I was in a meeting the other day and heard a member wonder out loud about whether, after two years of successful recovery, has changed enough to drink again. Frankly, I’ve never considered this question before. Some members might think it is dangerous to even consider such a thing, but I think it's a great question.

Certainly I’ve experienced huge internal changes over the past twenty plus years in the way I think and react. I’ve come a long way from the anxious, frustrated, angry person I used to be. Yet, I can still lose my spiritual balance at the drop of a hat and act like King Baby. I still carry many of the old ideas I walked through the doors with. I certainly have not experienced the “entire” psychic change the good doctor talks about in the Doctor’s Opinion. I’m much better today but not entirely restored to sanity.

Besides my stinking thinking, I cannot forget that I have an allergy to alcohol in any form. Drinking is not my problem. It’s the inability to stop drinking after a couple that always put me in a ditch. Not only do I say and do things I regret later, but I lose my spiritual compass when I'm drinking. Like the book points out, an alcoholic who drinks is going against his natural state of being. In essence he is committing suicide. Perhaps it is possible to bypass the phenomenon of craving and regain control if my genetic code is completely rewired. I haven’t heard that science has figured out how to do this yet in humans. Maybe in mice.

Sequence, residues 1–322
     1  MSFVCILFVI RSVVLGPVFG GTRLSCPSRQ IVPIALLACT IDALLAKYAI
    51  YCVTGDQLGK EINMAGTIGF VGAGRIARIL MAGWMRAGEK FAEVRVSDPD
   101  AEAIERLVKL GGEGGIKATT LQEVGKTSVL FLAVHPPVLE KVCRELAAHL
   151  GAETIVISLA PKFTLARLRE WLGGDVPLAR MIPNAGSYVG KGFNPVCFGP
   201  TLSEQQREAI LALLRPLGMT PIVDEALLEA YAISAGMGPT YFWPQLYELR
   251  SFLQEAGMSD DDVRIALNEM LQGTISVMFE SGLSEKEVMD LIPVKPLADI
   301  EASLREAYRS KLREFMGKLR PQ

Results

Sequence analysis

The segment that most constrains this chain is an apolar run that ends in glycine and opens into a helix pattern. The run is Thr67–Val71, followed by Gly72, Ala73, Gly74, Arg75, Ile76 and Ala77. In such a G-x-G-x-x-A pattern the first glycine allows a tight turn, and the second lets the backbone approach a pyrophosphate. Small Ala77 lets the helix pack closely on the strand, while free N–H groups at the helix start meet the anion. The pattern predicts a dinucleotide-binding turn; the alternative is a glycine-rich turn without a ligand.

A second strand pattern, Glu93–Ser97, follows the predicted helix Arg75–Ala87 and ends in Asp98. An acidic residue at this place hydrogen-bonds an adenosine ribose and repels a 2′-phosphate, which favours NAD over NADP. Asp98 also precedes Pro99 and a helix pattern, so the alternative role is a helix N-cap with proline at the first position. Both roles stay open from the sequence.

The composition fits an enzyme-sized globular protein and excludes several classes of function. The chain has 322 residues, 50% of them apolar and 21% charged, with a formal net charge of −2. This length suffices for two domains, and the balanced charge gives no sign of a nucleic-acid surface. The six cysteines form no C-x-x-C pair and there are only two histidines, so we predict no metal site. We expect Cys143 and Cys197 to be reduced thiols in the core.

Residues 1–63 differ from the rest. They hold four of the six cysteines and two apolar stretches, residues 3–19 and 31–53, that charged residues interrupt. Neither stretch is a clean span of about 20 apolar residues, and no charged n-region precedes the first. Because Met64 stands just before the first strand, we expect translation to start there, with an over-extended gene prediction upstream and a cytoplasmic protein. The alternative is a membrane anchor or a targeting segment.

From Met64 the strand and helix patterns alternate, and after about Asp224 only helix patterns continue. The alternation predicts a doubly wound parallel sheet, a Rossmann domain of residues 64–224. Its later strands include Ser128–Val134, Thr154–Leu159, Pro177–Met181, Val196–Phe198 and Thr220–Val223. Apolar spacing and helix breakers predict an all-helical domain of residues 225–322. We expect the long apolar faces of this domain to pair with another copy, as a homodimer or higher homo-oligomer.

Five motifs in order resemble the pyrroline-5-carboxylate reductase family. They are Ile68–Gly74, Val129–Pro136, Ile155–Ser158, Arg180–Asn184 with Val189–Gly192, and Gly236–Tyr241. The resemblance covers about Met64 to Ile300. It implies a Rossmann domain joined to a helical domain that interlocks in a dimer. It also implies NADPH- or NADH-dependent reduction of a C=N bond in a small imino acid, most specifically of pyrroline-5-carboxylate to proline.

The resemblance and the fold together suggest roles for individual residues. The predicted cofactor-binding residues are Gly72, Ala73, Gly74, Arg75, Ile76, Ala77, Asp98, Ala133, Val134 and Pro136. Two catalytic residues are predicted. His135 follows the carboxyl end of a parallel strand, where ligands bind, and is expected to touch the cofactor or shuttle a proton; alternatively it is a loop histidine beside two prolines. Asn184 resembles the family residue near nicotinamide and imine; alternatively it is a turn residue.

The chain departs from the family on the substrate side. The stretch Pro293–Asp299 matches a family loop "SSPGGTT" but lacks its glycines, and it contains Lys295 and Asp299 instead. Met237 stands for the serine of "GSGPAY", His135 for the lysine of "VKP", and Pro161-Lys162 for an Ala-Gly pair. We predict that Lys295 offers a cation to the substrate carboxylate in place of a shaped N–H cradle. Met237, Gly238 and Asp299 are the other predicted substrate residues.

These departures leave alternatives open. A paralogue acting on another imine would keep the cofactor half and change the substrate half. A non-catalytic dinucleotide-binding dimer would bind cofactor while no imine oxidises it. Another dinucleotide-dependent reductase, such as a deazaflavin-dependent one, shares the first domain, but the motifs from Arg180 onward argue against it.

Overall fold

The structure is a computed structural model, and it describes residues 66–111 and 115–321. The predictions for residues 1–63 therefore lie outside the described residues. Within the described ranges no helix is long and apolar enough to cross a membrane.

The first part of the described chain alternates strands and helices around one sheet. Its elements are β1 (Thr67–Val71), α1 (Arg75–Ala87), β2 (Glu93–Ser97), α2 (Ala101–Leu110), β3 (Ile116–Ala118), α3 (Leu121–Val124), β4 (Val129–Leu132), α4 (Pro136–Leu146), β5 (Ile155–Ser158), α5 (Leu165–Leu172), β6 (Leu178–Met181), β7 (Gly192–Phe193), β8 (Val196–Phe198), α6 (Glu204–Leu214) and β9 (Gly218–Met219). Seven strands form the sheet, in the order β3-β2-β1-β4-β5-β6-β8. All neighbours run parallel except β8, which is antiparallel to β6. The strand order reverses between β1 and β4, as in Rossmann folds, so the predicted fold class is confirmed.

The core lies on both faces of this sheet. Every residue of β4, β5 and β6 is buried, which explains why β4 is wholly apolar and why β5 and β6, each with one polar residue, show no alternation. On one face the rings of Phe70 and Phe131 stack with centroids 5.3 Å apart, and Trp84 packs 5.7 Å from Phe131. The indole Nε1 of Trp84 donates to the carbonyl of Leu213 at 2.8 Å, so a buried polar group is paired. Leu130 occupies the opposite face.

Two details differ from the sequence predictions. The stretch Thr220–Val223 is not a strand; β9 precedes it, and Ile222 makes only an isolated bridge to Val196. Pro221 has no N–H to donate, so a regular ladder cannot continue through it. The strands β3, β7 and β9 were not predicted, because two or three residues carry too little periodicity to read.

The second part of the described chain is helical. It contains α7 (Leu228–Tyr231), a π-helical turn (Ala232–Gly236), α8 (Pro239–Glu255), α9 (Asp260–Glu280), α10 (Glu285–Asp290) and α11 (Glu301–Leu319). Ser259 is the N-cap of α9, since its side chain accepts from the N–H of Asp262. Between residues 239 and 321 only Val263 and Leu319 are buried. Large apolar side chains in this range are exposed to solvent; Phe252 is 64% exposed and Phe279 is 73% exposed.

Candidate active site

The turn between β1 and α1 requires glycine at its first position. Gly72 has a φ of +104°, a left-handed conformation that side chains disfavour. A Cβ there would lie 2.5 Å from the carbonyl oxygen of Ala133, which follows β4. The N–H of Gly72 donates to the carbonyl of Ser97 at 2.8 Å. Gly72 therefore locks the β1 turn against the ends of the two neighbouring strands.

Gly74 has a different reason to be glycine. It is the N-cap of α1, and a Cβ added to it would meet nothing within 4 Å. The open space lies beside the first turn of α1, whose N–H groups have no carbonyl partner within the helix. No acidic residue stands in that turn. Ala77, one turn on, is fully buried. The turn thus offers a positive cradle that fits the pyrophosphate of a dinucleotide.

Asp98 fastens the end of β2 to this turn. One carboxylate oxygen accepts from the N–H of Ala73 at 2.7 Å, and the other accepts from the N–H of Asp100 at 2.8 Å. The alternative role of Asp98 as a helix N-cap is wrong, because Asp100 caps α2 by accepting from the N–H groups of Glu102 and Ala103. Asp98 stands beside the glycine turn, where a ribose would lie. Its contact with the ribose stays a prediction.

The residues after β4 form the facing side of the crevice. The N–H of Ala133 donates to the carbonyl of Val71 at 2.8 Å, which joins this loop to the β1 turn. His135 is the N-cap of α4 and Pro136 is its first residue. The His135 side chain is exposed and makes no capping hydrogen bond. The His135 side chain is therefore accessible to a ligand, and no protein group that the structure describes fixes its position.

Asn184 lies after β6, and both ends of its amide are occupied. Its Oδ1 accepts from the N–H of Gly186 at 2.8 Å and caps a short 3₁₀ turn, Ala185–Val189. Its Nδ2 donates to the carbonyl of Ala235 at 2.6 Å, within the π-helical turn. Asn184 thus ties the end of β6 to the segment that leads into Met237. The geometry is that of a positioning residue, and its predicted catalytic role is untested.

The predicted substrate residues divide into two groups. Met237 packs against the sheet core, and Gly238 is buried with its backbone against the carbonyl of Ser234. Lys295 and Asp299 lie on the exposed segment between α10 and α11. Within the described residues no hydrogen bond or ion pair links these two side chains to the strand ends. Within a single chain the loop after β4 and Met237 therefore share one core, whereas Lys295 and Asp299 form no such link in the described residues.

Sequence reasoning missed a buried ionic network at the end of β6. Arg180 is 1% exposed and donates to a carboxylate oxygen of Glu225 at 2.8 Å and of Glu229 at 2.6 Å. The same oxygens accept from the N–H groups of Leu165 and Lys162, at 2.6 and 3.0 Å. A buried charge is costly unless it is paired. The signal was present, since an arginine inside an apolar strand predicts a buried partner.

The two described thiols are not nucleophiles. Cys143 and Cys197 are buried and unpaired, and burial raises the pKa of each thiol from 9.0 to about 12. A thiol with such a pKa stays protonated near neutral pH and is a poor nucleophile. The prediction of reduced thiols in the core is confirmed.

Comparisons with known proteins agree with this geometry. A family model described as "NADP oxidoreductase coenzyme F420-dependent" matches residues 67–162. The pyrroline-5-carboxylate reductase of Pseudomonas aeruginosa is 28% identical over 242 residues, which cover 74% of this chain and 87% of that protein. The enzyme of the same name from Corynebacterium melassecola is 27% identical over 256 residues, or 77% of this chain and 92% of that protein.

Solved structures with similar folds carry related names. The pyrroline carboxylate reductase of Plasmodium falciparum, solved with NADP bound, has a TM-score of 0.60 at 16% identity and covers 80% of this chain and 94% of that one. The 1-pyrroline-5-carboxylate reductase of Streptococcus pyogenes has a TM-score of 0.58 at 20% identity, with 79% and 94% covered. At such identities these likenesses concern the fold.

I have no idea whether or not I will drink again. But I am almost positive I won’t drink today. I say almost positive because I’ve been around long enough to see members come and go by the droves. I’m sure many of them had no clue they were going to drink the day they went out. I heard one man share he just woke up with a drink in his hand—like he was in a trance. Some share they went straight from the AA meeting to the bar. I try to remember that every day I am sober is a gift from God. Sure, I go to meetings and work with others, but my recovery is nothing I do and everything God does. Despite my best efforts, if I am supposed to drink again, I will.

Even if I could drink reasonably, I’m not sure I would. I enjoy being a member of AA too much. You guys are my tribe. I’ve had a taste of the spiritual mystery and I want more. I want to continue to enjoy greater and greater peace of mind, freedom and joy. I’m convinced none of this is possible if I drink again. I’d be giving up too much. It’s just not worth it.